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1. Introduction

In software engineering, a Design Pattern describes an established solution to the most commonly encountered problems in software design. It represents the best practices evolved over a long period through trial and error by experienced software developers.

Design Patterns gained popularity after the book Design Patterns: Elements of Reusable Object-Oriented Software was published in 1994 by Erich Gamma, John Vlissides, Ralph Johnson, and Richard Helm (also known as Gang of Four or GoF).

In this article, we’ll explore creational design patterns and their types. We’ll also look at some code samples and discuss the situations when these patterns fit our design.

2. Creational Design Patterns

Creational Design Patterns are concerned with the way in which objects are created. They reduce complexities and instability by creating objects in a controlled manner.

The new operator is often considered harmful as it scatters objects all over the application. Over time it can become challenging to change an implementation because classes become tightly coupled.

Creational Design Patterns address this issue by decoupling the client entirely from the actual initialization process.

In this article, we’ll discuss four types of Creational Design Pattern:

  1. Singleton – Ensures that at most only one instance of an object exists throughout application
  2. Factory Method – Creates objects of several related classes without specifying the exact object to be created
  3. Abstract Factory – Creates families of related dependent objects
  4. BuilderConstructs complex objects using step-by-step approach

Let’s now discuss each of these patterns in detail.

3. Singleton Design Pattern

The Singleton Design Pattern aims to keep a check on initialization of objects of a particular class by ensuring that only one instance of the object exists throughout the Java Virtual Machine.

A Singleton class also provides one unique global access point to the object so that each subsequent call to the access point returns only that particular object.

3.1. Singleton Pattern Example

Although the Singleton pattern was introduced by GoF, the original implementation is known to be problematic in multithreaded scenarios.

So here, we’re going to follow a more optimal approach that makes use of a static inner class:

public class Singleton  {    
    private Singleton() {}
    private static class SingletonHolder {    
        public static final Singleton instance = new Singleton();

    public static Singleton getInstance() {    
        return SingletonHolder.instance;    

Here, we’ve created a static inner class that holds the instance of the Singleton class. It creates the instance only when someone calls the getInstance() method and not when the outer class is loaded.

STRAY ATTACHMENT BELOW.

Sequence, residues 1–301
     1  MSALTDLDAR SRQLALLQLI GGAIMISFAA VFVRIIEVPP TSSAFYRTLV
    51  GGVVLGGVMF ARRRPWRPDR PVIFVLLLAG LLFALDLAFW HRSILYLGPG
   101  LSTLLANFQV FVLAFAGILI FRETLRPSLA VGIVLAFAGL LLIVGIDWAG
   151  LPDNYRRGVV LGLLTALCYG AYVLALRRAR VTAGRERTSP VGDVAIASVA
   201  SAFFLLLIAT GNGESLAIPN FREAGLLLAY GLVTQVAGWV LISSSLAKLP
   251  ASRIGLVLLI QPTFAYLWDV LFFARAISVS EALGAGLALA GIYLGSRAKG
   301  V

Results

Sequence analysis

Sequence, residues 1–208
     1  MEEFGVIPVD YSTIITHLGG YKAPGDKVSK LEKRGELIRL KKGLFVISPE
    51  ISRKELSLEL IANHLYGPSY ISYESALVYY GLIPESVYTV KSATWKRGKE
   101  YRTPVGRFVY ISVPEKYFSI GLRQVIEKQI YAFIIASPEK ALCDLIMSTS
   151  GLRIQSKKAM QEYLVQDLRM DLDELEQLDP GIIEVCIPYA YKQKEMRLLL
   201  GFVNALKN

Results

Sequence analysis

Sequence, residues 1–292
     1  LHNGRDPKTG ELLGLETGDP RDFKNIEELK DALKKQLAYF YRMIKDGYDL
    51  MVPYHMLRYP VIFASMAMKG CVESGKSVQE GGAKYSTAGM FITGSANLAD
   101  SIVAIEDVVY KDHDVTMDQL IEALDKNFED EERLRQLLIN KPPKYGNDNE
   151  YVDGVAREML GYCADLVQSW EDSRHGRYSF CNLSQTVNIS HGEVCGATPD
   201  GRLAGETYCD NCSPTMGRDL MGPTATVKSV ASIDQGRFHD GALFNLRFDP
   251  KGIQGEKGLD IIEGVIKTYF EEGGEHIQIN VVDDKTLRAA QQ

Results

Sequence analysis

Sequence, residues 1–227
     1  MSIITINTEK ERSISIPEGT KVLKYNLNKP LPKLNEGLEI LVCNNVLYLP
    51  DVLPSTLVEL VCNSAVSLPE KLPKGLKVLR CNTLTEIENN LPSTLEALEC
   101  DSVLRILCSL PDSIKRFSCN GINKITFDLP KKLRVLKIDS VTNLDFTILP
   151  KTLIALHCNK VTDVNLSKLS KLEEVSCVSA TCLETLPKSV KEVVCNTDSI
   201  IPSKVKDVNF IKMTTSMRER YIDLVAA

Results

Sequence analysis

This is a widely used approach for a Singleton class as it doesn’t require synchronization, is thread safe, enforces lazy initialization and has comparatively less boilerplate.

Also, note that the constructor has the private access modifier. This is a requirement for creating a Singleton since a public constructor would mean anyone could access it and start creating new instances.

Remember, this isn’t the original GoF implementation. For the original version, please visit this linked Baeldung article on Singletons in Java.

3.2. When to Use Singleton Design Pattern

  • For resources that are expensive to create (like database connection objects)
  • It’s good practice to keep all loggers as Singletons which increases performance
  • Classes which provide access to configuration settings for the application
  • Classes that contain resources that are accessed in shared mode

4. Factory Method Design Pattern

The Factory Design Pattern or Factory Method Design Pattern is one of the most used design patterns in Java.

According to GoF, this pattern “defines an interface for creating an object, but let subclasses decide which class to instantiate. The Factory method lets a class defer instantiation to subclasses”.

This pattern delegates the responsibility of initializing a class from the client to a particular factory class by creating a type of virtual constructor.

To achieve this, we rely on a factory which provides us with the objects, hiding the actual implementation details. The created objects are accessed using a common interface.

4.1. Factory Method Design Pattern Example

In this example, we’ll create a Polygon interface which will be implemented by several concrete classes. A PolygonFactory will be used to fetch objects from this family:

Factory Method Design Pattern

Let’s first create the Polygon interface:

public interface Polygon {
    String getType();

Next, we’ll create a few implementations like Square, Triangle, etc. that implement this interface and return an object of Polygon type.

Now we can create a factory that takes the number of sides as an argument and returns the appropriate implementation of this interface: